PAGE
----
Associate professors were also asked about the clarity of the process across a range of measures including promotion criteria, standards for promotion, and clarity of the materials required. As the Clarity of Promotion figure indicates, associate professors expressed less satisfaction across all measures related to clarity when compared to faculty at our peer institutions.
“At U of T there is an expectation that the majority of our tenure-stream faculty will become full professors” says Hillan. “We need to ensure that there is clarity in relation to the standards and process as well as a culture that encourages faculty to seek promotion rather than stop at the associate professor level.”
One way to assist pre-tenure and tenured faculty to understand the tenure and promotion process is through regular feedback. Interestingly, when we look at our faculty’s response to opportunities for formal feedback on their progress toward tenure and promotion, we find an inverse relationship — over three-fourths of our faculty report receiving formal feedback on their progress toward tenure (through mechanisms like the third year review and progress-through-the-ranks), while almost three-fourths report receiving no formal feedback on progress toward promotion.
Mentoring has become increasingly important in the academic workplace, with many pre-tenure faculty feeling it is essential to their success. Many associate professors feel that their mentoring needs are overlooked.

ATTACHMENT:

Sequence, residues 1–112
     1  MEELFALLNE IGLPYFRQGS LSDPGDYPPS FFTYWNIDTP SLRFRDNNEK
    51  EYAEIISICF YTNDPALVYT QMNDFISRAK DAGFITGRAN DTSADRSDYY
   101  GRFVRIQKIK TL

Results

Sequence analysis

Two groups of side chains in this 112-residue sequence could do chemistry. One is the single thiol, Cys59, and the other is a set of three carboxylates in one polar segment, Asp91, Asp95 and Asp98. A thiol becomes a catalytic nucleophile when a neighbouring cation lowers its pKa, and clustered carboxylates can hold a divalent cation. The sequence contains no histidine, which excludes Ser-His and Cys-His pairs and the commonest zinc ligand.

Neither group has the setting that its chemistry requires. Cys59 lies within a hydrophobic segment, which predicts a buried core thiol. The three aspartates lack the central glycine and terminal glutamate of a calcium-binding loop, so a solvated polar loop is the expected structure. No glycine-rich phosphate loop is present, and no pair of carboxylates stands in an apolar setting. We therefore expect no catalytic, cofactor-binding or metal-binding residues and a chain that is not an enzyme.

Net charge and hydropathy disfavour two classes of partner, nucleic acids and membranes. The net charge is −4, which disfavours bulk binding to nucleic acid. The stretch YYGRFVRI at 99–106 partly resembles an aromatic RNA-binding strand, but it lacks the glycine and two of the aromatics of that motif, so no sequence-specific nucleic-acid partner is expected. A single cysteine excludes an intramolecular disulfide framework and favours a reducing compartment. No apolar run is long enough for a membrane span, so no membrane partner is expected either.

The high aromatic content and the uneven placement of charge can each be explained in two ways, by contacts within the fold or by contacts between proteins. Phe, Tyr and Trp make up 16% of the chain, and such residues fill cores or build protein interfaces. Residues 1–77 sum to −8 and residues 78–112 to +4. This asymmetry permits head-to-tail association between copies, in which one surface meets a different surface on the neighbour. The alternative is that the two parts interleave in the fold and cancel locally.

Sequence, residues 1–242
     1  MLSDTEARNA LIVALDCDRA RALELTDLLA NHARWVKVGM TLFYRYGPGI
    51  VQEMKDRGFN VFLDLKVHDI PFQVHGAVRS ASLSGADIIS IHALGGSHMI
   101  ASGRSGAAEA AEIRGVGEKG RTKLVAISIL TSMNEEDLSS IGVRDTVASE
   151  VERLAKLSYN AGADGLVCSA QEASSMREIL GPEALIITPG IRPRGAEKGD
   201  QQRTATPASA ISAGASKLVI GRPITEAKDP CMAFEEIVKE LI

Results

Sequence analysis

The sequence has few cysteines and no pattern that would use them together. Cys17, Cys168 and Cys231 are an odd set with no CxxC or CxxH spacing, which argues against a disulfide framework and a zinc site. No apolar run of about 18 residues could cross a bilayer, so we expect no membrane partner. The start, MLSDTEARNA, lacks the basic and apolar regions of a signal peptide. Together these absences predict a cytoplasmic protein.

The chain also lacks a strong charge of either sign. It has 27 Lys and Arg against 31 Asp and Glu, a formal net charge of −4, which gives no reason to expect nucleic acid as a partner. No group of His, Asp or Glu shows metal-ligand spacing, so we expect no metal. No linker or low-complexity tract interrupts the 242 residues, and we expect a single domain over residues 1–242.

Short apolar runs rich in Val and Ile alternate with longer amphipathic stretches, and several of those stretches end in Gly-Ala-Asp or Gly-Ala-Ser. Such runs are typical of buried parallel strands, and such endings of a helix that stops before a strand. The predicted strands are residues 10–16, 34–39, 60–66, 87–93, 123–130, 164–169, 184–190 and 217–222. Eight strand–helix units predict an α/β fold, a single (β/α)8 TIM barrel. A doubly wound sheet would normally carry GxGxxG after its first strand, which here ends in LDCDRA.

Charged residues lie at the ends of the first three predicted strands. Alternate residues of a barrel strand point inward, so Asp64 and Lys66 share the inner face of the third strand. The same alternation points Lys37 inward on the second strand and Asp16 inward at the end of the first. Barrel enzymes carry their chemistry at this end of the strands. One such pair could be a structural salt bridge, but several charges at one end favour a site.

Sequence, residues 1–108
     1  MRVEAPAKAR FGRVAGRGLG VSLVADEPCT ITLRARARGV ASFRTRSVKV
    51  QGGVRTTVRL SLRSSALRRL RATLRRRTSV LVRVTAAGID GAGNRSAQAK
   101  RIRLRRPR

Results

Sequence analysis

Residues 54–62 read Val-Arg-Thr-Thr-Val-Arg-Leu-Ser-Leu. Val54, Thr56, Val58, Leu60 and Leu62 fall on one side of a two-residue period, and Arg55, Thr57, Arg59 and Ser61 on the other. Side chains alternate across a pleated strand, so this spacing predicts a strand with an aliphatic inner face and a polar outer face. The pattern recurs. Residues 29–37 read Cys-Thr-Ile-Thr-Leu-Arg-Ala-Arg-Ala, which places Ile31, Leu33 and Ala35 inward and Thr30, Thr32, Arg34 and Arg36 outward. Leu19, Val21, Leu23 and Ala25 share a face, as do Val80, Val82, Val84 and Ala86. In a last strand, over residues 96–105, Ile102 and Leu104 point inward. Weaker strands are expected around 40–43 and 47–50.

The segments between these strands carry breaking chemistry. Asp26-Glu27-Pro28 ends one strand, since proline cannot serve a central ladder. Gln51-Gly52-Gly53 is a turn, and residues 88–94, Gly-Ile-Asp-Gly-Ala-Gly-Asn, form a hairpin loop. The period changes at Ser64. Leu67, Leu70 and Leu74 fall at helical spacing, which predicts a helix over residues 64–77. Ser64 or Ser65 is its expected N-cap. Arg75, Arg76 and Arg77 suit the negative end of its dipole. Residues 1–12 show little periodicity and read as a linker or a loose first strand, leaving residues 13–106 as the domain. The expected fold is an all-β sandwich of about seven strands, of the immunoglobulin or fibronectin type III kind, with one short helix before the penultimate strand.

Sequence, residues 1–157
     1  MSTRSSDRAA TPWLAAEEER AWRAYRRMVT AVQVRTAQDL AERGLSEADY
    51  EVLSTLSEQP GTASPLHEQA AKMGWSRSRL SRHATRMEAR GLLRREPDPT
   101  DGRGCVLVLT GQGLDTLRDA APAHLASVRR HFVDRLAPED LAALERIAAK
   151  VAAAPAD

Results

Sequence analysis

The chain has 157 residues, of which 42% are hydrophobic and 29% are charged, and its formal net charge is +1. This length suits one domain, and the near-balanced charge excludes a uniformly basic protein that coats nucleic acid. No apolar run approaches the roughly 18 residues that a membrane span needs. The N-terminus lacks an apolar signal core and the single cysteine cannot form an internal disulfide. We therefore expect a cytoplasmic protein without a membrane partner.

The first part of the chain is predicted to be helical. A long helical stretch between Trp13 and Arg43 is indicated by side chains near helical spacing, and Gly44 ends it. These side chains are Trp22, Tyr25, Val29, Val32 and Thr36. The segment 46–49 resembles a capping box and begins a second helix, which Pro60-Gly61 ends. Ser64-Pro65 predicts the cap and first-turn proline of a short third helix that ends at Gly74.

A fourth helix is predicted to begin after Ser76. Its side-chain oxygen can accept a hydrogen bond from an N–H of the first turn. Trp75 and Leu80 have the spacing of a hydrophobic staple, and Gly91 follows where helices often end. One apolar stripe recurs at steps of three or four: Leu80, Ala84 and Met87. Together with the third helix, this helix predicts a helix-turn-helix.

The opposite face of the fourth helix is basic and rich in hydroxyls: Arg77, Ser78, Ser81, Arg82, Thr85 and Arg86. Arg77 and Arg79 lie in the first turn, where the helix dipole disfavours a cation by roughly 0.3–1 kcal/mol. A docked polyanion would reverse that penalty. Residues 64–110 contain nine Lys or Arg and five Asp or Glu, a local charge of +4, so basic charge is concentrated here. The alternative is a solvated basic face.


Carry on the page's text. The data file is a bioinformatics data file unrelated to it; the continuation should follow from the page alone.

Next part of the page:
Faculty express great satisfaction in being a mentor (82%) and also think that having a mentor within their department is important (79%). In other words, our faculty think that mentoring is a good idea. Only 48% of faculty are satisfied with the effectiveness of mentoring within the department. This is only slightly better (at 49%) when it comes to mentoring of pre-tenure faculty. Of particular concern are the results related to the effective mentoring of associate professors. In this area, only 16% of faculty express satisfaction — 9% less than our peer institutions.
“In addition to providing some new programs to clarify the promotion process for associate professors, we should begin to put in place mentoring programs for our mid-career colleagues,” says Hillan. “There are some interesting models we could draw on that move away from the traditional senior/junior faculty member dyad to models that include mutual mentoring, team mentoring or strategic collaborations outside of departments. Through programs like our Just-in-Time sessions, we’ll be working with Deans and Chairs to put some of these in place.”
The COACHE survey was conducted in October of 2012 by the Graduate School of Education at Harvard University. Almost 50% of our tenured and pre-tenure faculty participated in this round (pre-tenure faculty had been invited to participate in 2007).
A unique feature of COACHE is the provision of comparative data that allows us to rank our results against five peer institutions of our choosing. These were University of North Carolina at Chapel Hill; University of Virginia; University of California, Davis; Indiana University Bloomington; and the State University of New York, Stony Brook.
In February and March, we’ll be providing reports on different themes from the survey. In previous weeks we’ve discussed some overall results of the survey, and the department culture. Next week, we’ll look at our results as they relate to teaching, research. and service.
Article: Office of the Vice-Provost, Faculty & Academic Life
Graphics: NATIONAL Public Relations